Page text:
ObjC programmers use this mechanism all the time when passing objects to other objects. NSMutableDictionary’s “setObject:forKey:” method is defined as:

- (void)setObject:(NSObject*)object forKey:(NSString*)key;

This allows the NSMutableDictionary instance to access the “object” NSObject and “value” NSString instances even though they were created somewhere else, in some other function or method.

The way I always think of the parentheses is as a cast. When you are using (NSEvent *)event, you are in effect telling the compiler to cast the event argument to an instance of NSEvent (in this case also a pointer-to-Cocoa-object), same as eventVar = (NSEvent *)argument;. Note that object casts do not really exist in the weakly-typed, dynamic language of ObjC; at runtime, all objects are treated as id’s. –JediKnil

Pointers are also used to pass C arrays and C strings into functions. That’s described elsewhere:

C programmers also use pointers to create AbstractDataStructures like LinkedList, BinaryTree, and HashTable. Objective C objects are fundamentally AbstractDataStructures, for that matter. But this falls outside of the scope of this tutorial.

Dynamic memory managment in C: malloc() and free()

C allows you to use functions like malloc() and free() to create and dispose of memory on the fly. For example:

    int bar;
int *pointer = malloc(sizeof(int));

*pointer = 7;
bar = *pointer;

Here we reserve enough memory to hold an integer variable and assign the address of that memory to “pointer”, initialize this memory to “7”, dereference “pointer” and use the resulting value (still “7”) to initialize bar, and we destroy the memory being pointed to by “pointer”. At the end of the example, bar is “7”, and pointer is some unpredictable number. If we move the free command up a line:

    int bar;
int *pointer = malloc(sizeof(int));

*pointer = 7;
bar = *pointer;

something bad might happen to our program. You see, we are trying to read the contents of memory that has already been destroyed. We don’t know what that value might be. Maybe it still points at our old value. Maybe it doesn’t. This is where pointers start to get really dangerous.

Anyway, why would you want to create memory? Fundamentally, this is the basis for how all Objective C objects are created: +[NSObject alloc] basically creates memory on the fly to contain your object. This is also the basis for the aforementioned AbstractDataStructures. But while interesting, I’ll leave a discussion on malloc() and free() to other books and websites since Objective C has other mechanisms for doing this, so see also:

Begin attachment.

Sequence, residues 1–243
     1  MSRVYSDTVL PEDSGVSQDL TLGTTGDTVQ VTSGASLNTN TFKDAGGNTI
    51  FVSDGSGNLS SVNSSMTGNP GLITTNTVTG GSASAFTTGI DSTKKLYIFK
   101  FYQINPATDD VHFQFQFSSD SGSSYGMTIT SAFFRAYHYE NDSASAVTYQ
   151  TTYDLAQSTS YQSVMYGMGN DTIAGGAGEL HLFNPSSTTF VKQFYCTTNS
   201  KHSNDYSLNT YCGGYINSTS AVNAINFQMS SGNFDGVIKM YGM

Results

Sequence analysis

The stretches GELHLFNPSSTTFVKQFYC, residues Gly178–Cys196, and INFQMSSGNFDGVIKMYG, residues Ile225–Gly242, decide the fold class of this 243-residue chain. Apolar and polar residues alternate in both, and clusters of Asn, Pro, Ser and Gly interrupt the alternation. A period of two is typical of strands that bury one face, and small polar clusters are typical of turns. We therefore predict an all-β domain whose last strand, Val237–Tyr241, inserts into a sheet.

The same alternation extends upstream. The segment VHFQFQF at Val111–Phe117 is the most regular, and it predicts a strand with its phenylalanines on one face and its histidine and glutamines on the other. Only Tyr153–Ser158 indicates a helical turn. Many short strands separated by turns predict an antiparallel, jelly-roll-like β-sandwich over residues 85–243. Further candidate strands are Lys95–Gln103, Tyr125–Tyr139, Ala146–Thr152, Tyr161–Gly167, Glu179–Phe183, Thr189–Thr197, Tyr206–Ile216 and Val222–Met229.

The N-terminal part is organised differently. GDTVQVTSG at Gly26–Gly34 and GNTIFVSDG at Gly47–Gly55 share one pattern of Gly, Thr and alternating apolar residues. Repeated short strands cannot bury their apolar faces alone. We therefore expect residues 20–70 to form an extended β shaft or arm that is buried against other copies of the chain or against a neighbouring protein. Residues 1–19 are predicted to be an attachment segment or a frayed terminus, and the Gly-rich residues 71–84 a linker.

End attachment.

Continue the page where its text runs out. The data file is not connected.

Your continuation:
C allows you to get the address of a function and assign it to a variable. This allows you to have one piece of code call another piece of code on the fly. These are often called “callbacks”, since they allow functions to “call back” to the calling code. CF uses C callbacks in a variety of places, such as for managing object creation (CFAllocator). Deep down, function pointers are at the heart of Objective C’s dynamic method dispatching: “Find the C function with the name “setObject:forKey:” and jump into it.” C callbacks are pretty cool, but I won’t go into them here, since Objective C has other mechanisms for doing this.

You’ll find a bunch of “Introduction to Computer Science” classes on the web that have interactive labs for teaching pointers. Go read them. – MikeTrent

*99% of the time use this to define an object NSObject *myObject (= …);

and this to use it: myObject

prototype a pass by reference function or method like this:

myMethod:(type **)myObjectRef;// one extra * 


myFunction(type** myRef);

return the value like this:

*myObjectRef = valueToReturn;

call the pass by reference like this: myMethod:&myObject or myFunction(&myArgumentToUse)